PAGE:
Sign In or Create an Account.

By continuing, you agree to the Terms of Service and acknowledge our Privacy Policy

Sparks

John Kerry Unveils America’s​ Plans for COP28

Here’s what the U.S. climate envoy will be focusing on.

John Kerry.
Heatmap Illustration/Getty Images
In a press conference on Wednesday morning, U.S. Climate Envoy John Kerry previewed the three main issues the U.S. will be focused on “securing strong outcomes” for at COP28, the United Nations climate conference that kicks off tomorrow:

1. Acting on the global stocktake: Negotiators will discuss the results of the first 5-year assessment of global climate progress and how countries might make additional commitments. One of the main sticking points is sure to be language around reducing fossil fuels. Kerry reiterated that the U.S. supports requiring the “phase out of unabated fossil fuels,” which leaves room for the continued use of oil, gas, and coal, as long as the emissions are captured.

2. Standing up a new fund for loss and damage: Countries agreed at last year’s COP to set up a new fund to pay for the damages climate change is already causing around the world, but have yet to figure out who will oversee the fund, how much countries will pay into it, and how it will be administered. Kerry said the U.S. supports a proposal that was released earlier this month to house the fund at the World Bank for at least four years, and make financial commitments completely voluntary — provisions that the developing countries the fund is meant to support staunchly oppose.

“I think that it's important the fund does not represent any expression of liability or compensation or any legal requirements, but it is going to try to be there for those in the developing world who have taken some of the brunt,” he said.

3. Making progress on the Paris Agreement’s adaptation goal: While the Paris Agreement instructed signatories to “enhance adaptive capacity, strengthen resilience and reduce vulnerability to climate change worldwide,” countries haven’t yet decided how to turn that into a concrete goal.

Kerry also signaled that a new methane agreement would be announced that involves oil and gas companies in addition to countries. He said there “literally will be hundreds of initiatives” announced over the course of the conference, including many from the U.S.

“What is very clear to us, and we will be pushing this the next two weeks that we are negotiating, we have to move faster. There's too much business as usual still, we have got to bring people to the table who are not yet there, and we will make progress in that here.”

This first appeared in Heatmap AM, a briefing on the most important climate and energy news. Sign up to get it in your inbox every week day:

* indicates required

  • Emily Pontecorvo profile image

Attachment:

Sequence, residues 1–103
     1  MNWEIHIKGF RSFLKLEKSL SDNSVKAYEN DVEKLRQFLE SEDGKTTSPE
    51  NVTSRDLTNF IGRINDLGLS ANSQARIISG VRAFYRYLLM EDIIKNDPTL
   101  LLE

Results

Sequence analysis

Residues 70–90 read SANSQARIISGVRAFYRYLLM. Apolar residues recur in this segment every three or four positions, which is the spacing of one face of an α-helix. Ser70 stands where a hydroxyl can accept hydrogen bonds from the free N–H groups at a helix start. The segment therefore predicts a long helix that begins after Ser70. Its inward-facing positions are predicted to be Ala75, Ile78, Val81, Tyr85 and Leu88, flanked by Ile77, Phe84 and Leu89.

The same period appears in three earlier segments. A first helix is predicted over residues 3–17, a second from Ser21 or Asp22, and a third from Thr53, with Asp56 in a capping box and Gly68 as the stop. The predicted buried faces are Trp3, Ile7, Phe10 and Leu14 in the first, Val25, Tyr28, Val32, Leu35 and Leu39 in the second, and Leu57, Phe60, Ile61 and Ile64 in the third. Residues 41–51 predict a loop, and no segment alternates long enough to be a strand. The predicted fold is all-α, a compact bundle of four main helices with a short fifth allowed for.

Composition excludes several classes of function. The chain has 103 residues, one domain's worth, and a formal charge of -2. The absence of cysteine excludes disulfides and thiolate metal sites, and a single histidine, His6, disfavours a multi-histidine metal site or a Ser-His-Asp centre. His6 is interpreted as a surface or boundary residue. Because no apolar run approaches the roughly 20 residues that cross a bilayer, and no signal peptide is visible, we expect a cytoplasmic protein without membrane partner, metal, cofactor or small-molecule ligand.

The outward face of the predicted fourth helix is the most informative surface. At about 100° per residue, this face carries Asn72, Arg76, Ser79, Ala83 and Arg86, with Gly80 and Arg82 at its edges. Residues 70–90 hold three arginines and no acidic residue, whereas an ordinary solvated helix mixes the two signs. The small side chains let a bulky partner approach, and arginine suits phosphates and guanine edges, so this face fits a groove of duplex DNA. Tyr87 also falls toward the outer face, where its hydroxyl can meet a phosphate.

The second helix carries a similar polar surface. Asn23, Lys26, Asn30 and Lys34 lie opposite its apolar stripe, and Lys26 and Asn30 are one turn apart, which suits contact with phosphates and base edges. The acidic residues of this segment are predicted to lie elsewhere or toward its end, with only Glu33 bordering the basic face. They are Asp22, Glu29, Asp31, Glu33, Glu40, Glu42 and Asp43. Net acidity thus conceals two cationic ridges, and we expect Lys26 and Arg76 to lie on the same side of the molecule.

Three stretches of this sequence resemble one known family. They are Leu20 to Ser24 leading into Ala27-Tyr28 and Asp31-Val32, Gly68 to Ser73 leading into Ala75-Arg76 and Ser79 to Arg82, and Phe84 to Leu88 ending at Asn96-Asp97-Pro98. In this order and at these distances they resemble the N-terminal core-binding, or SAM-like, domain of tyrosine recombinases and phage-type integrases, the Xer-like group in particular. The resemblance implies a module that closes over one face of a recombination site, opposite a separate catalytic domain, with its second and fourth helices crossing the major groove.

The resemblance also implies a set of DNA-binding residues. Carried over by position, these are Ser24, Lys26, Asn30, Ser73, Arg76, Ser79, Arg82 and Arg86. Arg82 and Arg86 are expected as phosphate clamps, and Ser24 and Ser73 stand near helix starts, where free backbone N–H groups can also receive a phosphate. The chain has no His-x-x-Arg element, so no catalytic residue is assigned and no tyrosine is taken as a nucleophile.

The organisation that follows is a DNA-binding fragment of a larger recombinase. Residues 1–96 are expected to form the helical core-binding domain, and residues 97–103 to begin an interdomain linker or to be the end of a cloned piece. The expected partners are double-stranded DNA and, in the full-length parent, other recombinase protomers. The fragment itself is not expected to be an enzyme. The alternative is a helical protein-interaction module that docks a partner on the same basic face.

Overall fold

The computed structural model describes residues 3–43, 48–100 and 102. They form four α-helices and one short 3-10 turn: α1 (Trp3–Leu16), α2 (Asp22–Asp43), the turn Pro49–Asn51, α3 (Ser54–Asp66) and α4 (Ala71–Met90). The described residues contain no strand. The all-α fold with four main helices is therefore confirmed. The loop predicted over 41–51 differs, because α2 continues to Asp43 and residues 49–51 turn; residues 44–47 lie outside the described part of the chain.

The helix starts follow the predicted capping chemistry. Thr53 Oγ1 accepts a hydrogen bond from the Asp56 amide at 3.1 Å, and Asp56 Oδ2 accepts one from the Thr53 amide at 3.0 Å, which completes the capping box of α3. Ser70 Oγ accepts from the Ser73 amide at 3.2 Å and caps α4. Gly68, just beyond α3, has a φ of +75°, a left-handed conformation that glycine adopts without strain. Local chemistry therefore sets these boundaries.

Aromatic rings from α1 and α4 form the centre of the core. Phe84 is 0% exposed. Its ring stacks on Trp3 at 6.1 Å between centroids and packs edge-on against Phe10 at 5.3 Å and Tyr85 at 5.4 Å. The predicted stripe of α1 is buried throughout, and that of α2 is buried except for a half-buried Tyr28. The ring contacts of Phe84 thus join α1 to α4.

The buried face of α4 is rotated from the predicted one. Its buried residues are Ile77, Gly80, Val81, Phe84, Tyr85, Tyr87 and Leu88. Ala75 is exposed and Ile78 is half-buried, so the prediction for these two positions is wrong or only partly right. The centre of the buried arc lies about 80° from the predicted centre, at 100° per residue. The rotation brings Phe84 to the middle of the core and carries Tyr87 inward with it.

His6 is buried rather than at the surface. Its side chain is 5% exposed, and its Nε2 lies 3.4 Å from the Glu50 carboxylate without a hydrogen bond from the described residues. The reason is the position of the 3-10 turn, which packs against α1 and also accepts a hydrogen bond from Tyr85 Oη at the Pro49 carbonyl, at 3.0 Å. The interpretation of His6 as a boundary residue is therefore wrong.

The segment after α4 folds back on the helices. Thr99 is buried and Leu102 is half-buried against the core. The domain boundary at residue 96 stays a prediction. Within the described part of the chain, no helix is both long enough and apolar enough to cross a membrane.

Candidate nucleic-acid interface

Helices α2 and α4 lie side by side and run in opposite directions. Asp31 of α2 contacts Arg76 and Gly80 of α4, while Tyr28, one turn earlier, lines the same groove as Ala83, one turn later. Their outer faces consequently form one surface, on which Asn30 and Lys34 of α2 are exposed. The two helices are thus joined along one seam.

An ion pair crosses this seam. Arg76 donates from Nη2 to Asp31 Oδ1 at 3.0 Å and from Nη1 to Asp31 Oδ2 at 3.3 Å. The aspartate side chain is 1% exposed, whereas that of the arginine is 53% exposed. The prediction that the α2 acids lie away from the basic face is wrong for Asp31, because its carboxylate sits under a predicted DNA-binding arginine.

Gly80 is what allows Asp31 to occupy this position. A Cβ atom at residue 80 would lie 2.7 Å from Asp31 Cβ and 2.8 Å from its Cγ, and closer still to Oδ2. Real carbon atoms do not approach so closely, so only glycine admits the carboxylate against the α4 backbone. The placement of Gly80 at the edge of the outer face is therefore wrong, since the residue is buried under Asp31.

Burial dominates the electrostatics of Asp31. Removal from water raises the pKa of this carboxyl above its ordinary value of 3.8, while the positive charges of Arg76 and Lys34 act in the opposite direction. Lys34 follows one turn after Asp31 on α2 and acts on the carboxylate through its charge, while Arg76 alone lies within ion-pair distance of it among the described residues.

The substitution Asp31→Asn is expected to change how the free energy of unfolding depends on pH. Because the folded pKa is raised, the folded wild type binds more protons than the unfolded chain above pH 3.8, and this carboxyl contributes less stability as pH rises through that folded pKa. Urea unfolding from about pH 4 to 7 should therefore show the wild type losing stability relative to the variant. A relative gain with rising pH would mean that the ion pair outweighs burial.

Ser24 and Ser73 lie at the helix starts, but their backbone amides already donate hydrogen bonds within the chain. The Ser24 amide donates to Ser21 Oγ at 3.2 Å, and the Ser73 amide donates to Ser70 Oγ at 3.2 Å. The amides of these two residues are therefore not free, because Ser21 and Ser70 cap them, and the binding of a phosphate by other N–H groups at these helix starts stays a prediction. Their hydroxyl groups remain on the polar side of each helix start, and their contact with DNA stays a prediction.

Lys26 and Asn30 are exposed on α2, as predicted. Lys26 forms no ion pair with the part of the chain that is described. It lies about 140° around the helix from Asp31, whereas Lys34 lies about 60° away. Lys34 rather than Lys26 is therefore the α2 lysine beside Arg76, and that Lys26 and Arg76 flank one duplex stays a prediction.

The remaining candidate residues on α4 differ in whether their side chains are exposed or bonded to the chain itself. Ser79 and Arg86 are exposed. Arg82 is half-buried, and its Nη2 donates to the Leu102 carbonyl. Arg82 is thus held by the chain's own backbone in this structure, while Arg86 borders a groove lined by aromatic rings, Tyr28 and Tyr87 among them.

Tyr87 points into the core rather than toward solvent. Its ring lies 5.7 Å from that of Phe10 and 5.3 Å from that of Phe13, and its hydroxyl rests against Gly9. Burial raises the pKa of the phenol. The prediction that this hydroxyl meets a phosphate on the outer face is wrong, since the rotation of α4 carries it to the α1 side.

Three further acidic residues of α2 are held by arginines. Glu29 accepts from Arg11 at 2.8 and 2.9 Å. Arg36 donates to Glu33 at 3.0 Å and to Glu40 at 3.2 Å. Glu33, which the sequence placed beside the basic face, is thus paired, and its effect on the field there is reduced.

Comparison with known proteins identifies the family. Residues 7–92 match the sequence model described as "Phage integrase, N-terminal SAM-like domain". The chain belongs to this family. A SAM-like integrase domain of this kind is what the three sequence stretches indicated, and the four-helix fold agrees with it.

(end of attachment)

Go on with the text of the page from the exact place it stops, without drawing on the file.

Emily Pontecorvo

    Emily is a founding staff writer at Heatmap. Previously she was a staff writer at the nonprofit climate journalism outlet Grist, where she covered all aspects of decarbonization, from clean energy to electrified buildings to carbon dioxide removal.

    Sparks

    There’s Gold in That There Battery Waste

    Aepnus is taking a “fully circular approach” to battery manufacturing.

    Lithium ion batteries.
    Heatmap Illustration/Getty Images

    Every year, millions of tons of sodium sulfate waste are generated throughout the lithium-ion battery supply chain. And although the chemical compound seems relatively innocuous — it looks just like table salt and is not particularly toxic — the sheer amount that’s produced via mining, cathode production, and battery recycling is a problem. Dumping it in rivers or oceans would obviously be disruptive to ecosystems (although that’s generally what happens in China), and with landfills running short on space, there are fewer options there, as well.

    That is where Aepnus Technology is attempting to come in. The startup emerged from stealth today with $8 million in seed funding led by Clean Energy Ventures and supported by a number of other cleantech investors, including Lowercarbon Capital and Voyager Ventures. The company uses a novel electrolysis process to convert sodium sulfate waste into sodium hydroxide and sulfuric acid, which are themselves essential chemicals for battery production.

    Keep reading...Show less
    Blue
    Donald Trump and Jaws.
    Heatmap Illustration/Getty Images

    Former President Trump wants to know: Would you rather be electrocuted or eaten by a shark?

    On Sunday, during a rally in Las Vegas, the Republican nominee floated the question for what is at least the second time this campaign season (an odd choice, perhaps, given that Nevada is hardly shark territory, and therefore his supporters there are unlikely to have given the question much thought).

    Keep reading...Show less
    Red
    Sparks

    Tornado Alley Is Moving East

    New research finally sheds some light on what the heck is happening.

    A tornado.
    Heatmap Illustration/Getty Images

    If hurricanes, wildfires, heat, and floods are the Big Four of extreme weather in America, then tornadoes are perhaps the equivalent of the National Bowling League.

    That’s not for lack of fatalities — tornadoes kill more people annually than hurricanes, per the 30-year average — nor for their lack of star power (see: The Wizard of Oz, Sharknado, Twister, and my most highly anticipated movie of the year, Twisters). But when it comes to the study of extreme weather, robust, detailed data on tornadic supercells has been described as “largely absent,” at least compared to the scholarship on their more popular meteorological counterparts.

    Keep reading...Show less
    Blue